When the creator creates something they inevitably put a part of themselves into that thing. When a consumer points out what that something should have done differently they are often a small voice in a hurricane of feedback. This hurricane is often filled with positive feedback but the silent majority that appreciate something often say nothing while the loud minority openly share their thoughts and criticisms. Those who speak up are also known to forget that a human being is going to read what they just hit send on. Even if the feedback is ultimately constructive the content creator is known to only see the bad and fight to see the good. As a result of this personal shit-storm for the creator, continuing to create becomes a fight against both the creativity but also against their fans who care enough to give them that feedback, but deliver it in a hurtful or stressful way. There have been many stories in which a content creator who wanted to put themselves out there was forced to pull back because of circumstances like these.
This is best explained with an example, so here is an expert from an article on The A.V. Club:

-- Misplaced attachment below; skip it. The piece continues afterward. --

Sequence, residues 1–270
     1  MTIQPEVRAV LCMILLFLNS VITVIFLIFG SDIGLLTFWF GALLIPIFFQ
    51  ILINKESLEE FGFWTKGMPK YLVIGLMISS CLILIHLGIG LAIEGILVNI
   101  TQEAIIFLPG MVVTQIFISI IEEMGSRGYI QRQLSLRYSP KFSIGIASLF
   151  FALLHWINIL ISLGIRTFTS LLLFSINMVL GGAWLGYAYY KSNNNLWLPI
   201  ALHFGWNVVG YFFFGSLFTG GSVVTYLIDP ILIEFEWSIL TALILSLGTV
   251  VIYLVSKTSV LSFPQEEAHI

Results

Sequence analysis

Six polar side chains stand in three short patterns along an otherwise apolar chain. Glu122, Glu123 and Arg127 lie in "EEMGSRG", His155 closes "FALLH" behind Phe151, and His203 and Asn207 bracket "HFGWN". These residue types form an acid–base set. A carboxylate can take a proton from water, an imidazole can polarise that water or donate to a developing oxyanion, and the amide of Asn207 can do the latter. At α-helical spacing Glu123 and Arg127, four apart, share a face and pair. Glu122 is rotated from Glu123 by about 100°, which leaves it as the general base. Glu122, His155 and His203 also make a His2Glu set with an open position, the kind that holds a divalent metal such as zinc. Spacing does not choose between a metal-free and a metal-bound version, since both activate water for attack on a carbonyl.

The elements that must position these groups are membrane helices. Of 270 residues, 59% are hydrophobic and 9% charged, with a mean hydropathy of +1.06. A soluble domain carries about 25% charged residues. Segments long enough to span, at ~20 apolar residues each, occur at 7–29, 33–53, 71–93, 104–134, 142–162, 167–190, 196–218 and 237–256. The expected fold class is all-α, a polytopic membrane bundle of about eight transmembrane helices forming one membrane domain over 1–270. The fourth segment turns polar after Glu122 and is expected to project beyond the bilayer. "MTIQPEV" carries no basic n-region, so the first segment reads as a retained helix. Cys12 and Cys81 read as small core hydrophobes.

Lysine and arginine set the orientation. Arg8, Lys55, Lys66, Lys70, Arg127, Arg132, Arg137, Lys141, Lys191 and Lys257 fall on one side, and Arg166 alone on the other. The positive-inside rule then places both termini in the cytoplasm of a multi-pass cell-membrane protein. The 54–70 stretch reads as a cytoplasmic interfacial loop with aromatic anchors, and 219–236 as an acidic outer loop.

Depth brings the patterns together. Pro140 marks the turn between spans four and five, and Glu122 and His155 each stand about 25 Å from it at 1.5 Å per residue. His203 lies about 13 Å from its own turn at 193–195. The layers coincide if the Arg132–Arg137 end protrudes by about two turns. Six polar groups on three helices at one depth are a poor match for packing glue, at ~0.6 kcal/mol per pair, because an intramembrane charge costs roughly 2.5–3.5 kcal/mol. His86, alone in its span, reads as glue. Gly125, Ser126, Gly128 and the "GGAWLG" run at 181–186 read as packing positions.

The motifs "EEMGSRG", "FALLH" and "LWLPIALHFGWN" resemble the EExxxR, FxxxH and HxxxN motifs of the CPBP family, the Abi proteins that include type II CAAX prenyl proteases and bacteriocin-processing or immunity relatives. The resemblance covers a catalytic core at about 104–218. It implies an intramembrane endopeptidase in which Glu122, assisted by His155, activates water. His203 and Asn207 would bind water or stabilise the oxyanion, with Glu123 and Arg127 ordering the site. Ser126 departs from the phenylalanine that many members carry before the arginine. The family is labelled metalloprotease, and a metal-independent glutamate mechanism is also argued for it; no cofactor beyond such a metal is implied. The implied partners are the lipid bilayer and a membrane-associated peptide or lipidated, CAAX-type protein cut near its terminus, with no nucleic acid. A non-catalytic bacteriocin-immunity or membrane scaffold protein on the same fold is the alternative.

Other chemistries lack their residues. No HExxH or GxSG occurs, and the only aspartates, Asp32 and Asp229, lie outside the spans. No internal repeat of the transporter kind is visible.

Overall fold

The online backlash was apparently quick, powerful, and seemingly coming from two different directions: â€™shippers, irritated and outraged by what they saw as Zuke pushing the agenda of her preferred pairing, and others who accused the Cartoon Network show of engaging in â€œqueer baiting.â€ Among other definitions, the term refers to TV and film producers introducing perceived sexual tension between two same-sex characters with no intent of ever bringing the relationship to fruition, and is decried by critics as a manipulative use of sexuality in order to draw in viewers and attention.
The criticism and attackers were apparently strong and frequent enough that Zuke decided to shut down her social media presence, and close herself off to â€œthousands of people who think because I work on a TV show that I owe them myself all the time.â€ Her account has since been deleted, but a screenshot of her last tweets is currently making the rounds online.
In this instance the writer of a very progressive kids show (which I proudly watch with my other adult friends) was ridiculed for... what? Not being perfect? Not flawlessly pushing every equality agenda at once? Ultimately it may have been held to a higher standard but to what end?